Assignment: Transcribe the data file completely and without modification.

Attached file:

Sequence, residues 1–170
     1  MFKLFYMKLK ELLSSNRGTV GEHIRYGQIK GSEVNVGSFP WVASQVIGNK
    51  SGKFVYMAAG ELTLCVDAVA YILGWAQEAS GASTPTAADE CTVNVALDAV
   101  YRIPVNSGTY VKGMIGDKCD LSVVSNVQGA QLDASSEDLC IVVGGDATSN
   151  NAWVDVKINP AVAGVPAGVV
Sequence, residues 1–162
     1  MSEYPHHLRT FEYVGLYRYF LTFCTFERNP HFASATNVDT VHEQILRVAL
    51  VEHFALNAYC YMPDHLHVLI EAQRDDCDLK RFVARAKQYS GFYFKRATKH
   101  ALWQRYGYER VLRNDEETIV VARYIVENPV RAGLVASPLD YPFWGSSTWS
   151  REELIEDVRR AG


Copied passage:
Sequence, residues 1–170
     1  MFKLFYMKLK ELLSSNRGTV GEHIRYGQIK GSEVNVGSFP WVASQVIGNK
    51  SGKFVYMAAG ELTLCVDAVA YILGWAQEAS GASTPTAADE CTVNVALDAV
   101  YRIPVNSGTY VKGMIGDKCD LSVVSNVQGA QLDASSEDLC IVVGGDATSN
   151  NAWVDVKINP AVAGVPAGVV
Sequence, residues 1–162
     1  MSEYPHHLRT FEYVGLYRYF LTFCTFERNP HFASATNVDT VHEQILRVAL
    51  VEHFALNAYC YMPDHLHVLI EAQRDDCDLK RFVARAKQYS GFYFKRATKH
   101  ALWQRYGYER VLRNDEETIV VARYIVENPV RAGLVASPLD YPFWGSSTWS
   151  REELIEDVRR AG